YouTube just properly entered the VR realm with an update that adds visual depth to certain videos viewed through Cardboard, but it’s not the only big VR happening this week. The New York Times has entered the world of virtual reality reporting with NYT VR, which debuts with an affecting short film about child refugees and shows the benefits of experiential journalism.
Looking for something a bit more upbeat? Laugh your way through the zany octopus-as-human simulator Octodad: Dadliest Catch, or work up a sweat with FitStar Personal Trainer. Also new this week are the stunning adventure game Tengami and Edward Snowden-approved Signal Private Messenger, so hit the Play Store and load up on fresh apps for the weekend.
This week’s release of NYT VR is a big moment for Google Cardboard. Not only does the creation of original VR journalism by a publication like The New York Times help validate the smartphone-based platform, but the paper is also sending more than a million Cardboard viewers to subscribers. That’s huge.
NYT VR’s first entry is a short film about three of the estimated 30 million child refugees around the world, letting you connect with the displaced kids as they describe their plights and daily lives. The Displaced is a heartbreaking supplement to the article series, and the ability to look freely in the 360-degree footage really helps personalize their stories.
It’s an interesting experiment, at the very least, and the Times plans a couple more VR films this year, with more to come in 2016. Whether it truly helps drive the spread of mobile VR remains to be seen, but if you have an Android phone and a Cardboard viewer, it’s well worth 10 minutes of your time—plus there are a few other bonus and sponsored clips available. Everything is also viewable on your phone if you don’t have a Cardboard headset.
Octodad: Dadliest Catch has one of the best premises in all of gaming: you’re an octopus posing as a human father and husband. Somehow he’s kept up the illusion for years, and it’s your job to continue blending in as you explore the supermarket, aquarium, and other suburban hotspots.
That’s the tricky part, of course. Given that you’re an upright, suit-wearing octopus, it’s very difficult to look the part of a human as you’re guiding individual tentacles to walk, pick up and throw items, and navigate people-ready places. But that’s the whole point: the intentionally fumbly controls make Dadliest Catch ($5) hysterically funny, especially as you smash up a wedding reception simply by trying to walk straight, or continually slip on carefully-placed banana peels while evading an angry butcher. It’s a blast.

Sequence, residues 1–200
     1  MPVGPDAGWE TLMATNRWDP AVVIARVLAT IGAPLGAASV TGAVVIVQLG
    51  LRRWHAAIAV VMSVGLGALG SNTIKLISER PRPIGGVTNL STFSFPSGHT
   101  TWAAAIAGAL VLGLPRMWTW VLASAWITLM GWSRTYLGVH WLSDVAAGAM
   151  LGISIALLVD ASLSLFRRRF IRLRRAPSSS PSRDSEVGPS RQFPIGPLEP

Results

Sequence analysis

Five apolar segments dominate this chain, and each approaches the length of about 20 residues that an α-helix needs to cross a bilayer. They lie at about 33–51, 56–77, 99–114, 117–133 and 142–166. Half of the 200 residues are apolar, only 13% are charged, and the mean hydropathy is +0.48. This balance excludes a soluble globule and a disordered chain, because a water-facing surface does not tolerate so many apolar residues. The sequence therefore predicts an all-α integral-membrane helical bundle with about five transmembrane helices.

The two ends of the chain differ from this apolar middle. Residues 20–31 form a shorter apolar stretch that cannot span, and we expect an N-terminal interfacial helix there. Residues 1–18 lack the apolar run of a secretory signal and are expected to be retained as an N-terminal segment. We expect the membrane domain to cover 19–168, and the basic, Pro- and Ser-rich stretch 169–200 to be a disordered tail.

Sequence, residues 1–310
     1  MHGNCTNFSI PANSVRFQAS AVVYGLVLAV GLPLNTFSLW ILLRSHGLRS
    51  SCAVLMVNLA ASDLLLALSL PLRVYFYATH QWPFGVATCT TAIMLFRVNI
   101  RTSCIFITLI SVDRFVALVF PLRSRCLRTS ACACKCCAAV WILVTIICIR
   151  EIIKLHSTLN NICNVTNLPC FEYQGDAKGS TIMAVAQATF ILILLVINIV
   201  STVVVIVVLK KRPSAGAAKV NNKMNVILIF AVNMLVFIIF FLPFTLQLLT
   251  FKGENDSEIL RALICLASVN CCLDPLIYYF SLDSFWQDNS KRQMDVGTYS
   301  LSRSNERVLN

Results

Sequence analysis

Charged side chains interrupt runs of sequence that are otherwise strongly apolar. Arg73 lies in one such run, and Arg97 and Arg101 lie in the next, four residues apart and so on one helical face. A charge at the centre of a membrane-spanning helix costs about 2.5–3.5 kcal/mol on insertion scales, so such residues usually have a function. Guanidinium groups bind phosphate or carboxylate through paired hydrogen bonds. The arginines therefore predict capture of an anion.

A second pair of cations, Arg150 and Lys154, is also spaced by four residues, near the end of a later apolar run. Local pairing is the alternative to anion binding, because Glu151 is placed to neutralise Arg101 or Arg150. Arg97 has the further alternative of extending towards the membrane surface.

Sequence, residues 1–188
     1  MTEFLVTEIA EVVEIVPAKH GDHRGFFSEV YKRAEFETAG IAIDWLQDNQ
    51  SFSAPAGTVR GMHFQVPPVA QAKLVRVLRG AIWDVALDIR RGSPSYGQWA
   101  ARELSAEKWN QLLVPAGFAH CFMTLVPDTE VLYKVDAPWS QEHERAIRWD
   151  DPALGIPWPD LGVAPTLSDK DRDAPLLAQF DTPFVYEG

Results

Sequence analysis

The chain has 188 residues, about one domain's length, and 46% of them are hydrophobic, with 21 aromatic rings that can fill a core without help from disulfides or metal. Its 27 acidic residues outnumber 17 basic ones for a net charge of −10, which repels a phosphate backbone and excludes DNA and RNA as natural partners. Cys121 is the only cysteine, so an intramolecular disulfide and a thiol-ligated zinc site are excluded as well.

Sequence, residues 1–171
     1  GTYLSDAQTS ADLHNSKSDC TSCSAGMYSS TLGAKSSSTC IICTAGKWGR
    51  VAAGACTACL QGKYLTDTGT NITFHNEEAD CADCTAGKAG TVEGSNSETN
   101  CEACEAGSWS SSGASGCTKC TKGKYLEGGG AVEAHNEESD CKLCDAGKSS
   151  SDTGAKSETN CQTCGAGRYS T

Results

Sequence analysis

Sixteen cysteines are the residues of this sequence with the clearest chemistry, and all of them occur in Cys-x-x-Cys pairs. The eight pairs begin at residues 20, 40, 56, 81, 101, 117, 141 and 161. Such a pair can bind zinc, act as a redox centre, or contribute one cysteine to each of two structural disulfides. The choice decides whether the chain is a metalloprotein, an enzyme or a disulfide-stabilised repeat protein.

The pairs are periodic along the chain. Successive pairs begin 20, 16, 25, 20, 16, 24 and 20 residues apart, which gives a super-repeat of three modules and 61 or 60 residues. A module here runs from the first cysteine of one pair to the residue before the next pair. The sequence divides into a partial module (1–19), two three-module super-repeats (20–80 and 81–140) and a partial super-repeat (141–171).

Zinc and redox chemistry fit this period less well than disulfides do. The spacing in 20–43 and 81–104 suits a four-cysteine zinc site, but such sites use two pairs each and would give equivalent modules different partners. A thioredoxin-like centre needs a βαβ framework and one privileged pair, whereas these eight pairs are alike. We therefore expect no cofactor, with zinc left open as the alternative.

Tony Gonzalez played 17 productive seasons in the NFL as a tight end and missed only two games—so either he’s incredibly lucky or really knows how to take care of himself. We’ll assume the latter since he’s now the face of FitStar Personal Trainer (from Fitbit), which just hit Android after being an iOS hit for a couple years.
FitStar focuses on targeted video sessions led by Gonzalez himself—and thankfully, it has Chromecast support, so you can cast them onto your TV. The app offers a few primary programs based on different fitness goals, and adds a new bonus workout each month (with nearly 30 included). It’s a free download, and you can utilize a couple workouts per week without paying anything. For full access to the entire expanding library, you’ll pay $8/month or $40/year within.
Got a big, bright screen on your phone or tablet? Show it off with Tengami, one of the most stunning games to hit the Play Store in some time. No, it’s not pumping out glossy 3D graphics; rather, it’s an exquisite tribute to Japanese pop-up storybooks. And not only does it look the part of a beautiful, hand-crafted book, but it also bases its game mechanics around the source medium.
Tengami’s puzzles require you to tap and unfold parts of the world to create new paths ahead or uncover other elements in the environments. It’s not the lengthiest or most complex adventure you’ve ever played, but for a few bucks (it’s $3.50 as of this writing), Tengami is a short and sweet quest worth savoring.
When it comes to encrypted communication, there’s probably no recommendation stronger than that of Edward Snowden, the noted American whistleblower and activist who remains on the run. And that’s exactly what he provided this week on Twitter as Signal Private Messenger—which provides both texting and calling over secured lines—moved over to Android.
Open Whisper Systems already had these features available on Android, albeit via two separate apps: Redphone and TextSecure (the latter used in WhatsApp, as well). Signal now bundles all of those features up into a single, open-source app. While it doesn’t look much different than a default texting or dialing app, the much-praised encryption between fellow Signal users should provide a real sense of security. If it’s good enough for Snowden, it ought to be plenty fine for you.